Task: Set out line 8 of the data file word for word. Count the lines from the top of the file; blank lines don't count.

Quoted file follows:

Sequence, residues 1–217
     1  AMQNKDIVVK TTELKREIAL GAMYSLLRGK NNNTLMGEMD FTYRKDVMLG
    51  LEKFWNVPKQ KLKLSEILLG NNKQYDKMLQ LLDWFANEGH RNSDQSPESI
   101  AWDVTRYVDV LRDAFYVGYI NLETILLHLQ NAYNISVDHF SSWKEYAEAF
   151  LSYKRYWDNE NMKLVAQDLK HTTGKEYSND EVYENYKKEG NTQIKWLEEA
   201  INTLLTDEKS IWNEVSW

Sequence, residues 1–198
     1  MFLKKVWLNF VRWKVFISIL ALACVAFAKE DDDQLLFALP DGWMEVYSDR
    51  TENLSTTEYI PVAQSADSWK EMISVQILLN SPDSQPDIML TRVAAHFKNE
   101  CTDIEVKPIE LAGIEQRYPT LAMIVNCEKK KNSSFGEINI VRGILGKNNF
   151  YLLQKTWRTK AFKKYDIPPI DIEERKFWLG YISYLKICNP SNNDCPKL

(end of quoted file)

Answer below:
     1  MFLKKVWLNF VRWKVFISIL ALACVAFAKE DDDQLLFALP DGWMEVYSDR